One of the best things you can do for yourself when it comes to investing is to take a deep interest in your portfolio and the investments that you choose to invest in. Whether it’s a retirement account, a self-directed mutual fund or a desire to see what you can do in the stock market now that everything is on sale, it is important to have a grasp of the fundamentals underlying the companies you are considering. This idea of looking into the factors that provide the big picture of a company’s overall health is known as fundamental analysis. If you want to increase your chances of long-term investment portfolio success, it is important to analyze the investments you have or are planning to make– and to understand what makes them good (or poor) choices.

Using Fundamental Analysis

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What is fundamental analysis?

Fundamental analysis goes beyond the daily ups and downs of a stock and focuses on the company behind the stock. Fundamental analysis is about looking at the way a company does business, how sound it looks and what the future prospects of the company might be. Some of the factors to consider when analyzing the fundamentals of a company include:

  • Is the company making a profit? This can be a tough one to consider right now, since so many companies are not making profits due to the recession. But you can get a feel for a company’s performance by looking at what sort profits it was making before, and by looking into the reasons that the company’s profits have tapered off. And there are some companies that are still making profits, even during the recession. Focusing on these right now could be a good idea. Related to profits are whether or not margins are growing, and whether revenues are increasing. You should also consider the competitive landscape to understand if the profits can be maintained in the future.
  • Can the company repay its debt? All companies have debt. It’s part of doing business. But you should look at how much debt the company has. And whether or not the company can repay its obligations. This can be done by carefully looking at the debt levels of the company, its cash flow and the amount of ‘interest coverage’, i.e. the ratio between the cash flow and the amount of interest the company owes on its debt in a year.
  • Is there potential for growth? How likely is it that the company can maintain its position against or — even better — beat its competition? What are the future prospects for the company? Do you see potential for growth? Do the products and/or services offered offer quality or fulfill a need? Does the company adapt to the changing times? Can the company expand its market by selling globally?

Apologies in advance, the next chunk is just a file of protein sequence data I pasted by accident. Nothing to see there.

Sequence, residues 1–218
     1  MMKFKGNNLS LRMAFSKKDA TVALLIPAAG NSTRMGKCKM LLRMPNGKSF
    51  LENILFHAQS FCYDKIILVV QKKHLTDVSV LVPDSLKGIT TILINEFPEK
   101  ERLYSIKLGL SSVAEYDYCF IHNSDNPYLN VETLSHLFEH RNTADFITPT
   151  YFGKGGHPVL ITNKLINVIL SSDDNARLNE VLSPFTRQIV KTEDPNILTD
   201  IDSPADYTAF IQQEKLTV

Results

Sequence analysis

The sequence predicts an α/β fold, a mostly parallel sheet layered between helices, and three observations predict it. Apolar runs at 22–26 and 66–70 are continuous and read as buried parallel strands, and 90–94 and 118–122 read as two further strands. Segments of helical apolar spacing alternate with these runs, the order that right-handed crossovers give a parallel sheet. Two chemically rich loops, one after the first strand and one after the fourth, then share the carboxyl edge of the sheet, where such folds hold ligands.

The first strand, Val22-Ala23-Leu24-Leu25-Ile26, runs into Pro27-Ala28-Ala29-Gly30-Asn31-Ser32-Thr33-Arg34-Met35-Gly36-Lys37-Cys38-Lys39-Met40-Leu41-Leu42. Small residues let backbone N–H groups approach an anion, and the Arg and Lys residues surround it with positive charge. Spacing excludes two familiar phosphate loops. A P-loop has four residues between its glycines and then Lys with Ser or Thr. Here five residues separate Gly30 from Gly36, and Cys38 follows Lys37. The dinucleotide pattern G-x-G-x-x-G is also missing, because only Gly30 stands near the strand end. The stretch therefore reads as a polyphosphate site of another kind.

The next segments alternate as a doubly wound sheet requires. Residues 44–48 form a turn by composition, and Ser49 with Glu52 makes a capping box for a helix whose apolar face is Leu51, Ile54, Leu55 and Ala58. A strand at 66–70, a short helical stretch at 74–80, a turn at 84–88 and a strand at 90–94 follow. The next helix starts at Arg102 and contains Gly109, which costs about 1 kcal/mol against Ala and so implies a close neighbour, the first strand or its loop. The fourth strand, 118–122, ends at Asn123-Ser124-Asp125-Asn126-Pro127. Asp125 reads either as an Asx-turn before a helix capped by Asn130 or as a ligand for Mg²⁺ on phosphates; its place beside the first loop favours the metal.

• What is the management like? Does management try to do what’s best for the company? Also, be aware of whether the management is qualified and competent. Look for the accounting practices used by the company. Is management trying to “cook the books” with creative money shuffling? One of the ways to gauge how committed the management is to the success of the company is by looking at how much stock of the company does the management own as well as recent transactions. If you find that the management owns a large portion of the stock, and has been recently acquiring more stock, it is typically an indicator that the management believes that the company is well positioned for future growth and the stock price is attractive for investment. Having significant ‘skin’ in the game also ensures that the management will be focused on making decisions that increase shareholder wealth.

When you consider the fundamentals of a company, it is important to realize that there are quantitative issues and qualitative issues to consider. Quantitative issues are those that deal almost exclusively with numbers. This is looking at the way money flows through the company, understanding balance sheets and income statements, and considering the assets v. liabilities of a company in cold, hard numbers terms. The qualitative side of fundamental analysis requires that you look at the intangible aspects. What is the character of the company? Qualitative fundamental analysis requires that you look at the caliber of the management team and the ethical standards upheld by the company. Competitive advantage and the business model of the company are also qualitative factors.

Using fundamental analysis to make long-term investing decisions

Fundamental analysis is often used by buy and hold investors who want to own stock in companies that have long-term earning potential. A company with sound fundamentals and conservative accounting is more likely to be profitable in the long run. These are companies that make solid decisions that prepare them to survive economic down cycles and thrive afterward. A company with good capitalization, positive cash flow, a well-thought out business model and a management that is intelligent, competent and ethical is more likely to survive and offer solid returns over time. Of course, such companies also offer lower returns than some of the flashier companies. You trade the possibility of astounding short-term earnings for long-term solidity and a greater degree of security.

Fundamental analysis can be used for more than just choosing stocks to invest in. It is possible to apply the big picture analysis to wider trends in economies, industries and sectors. Fundamental analysis can also be applied to funds, currencies and commodities.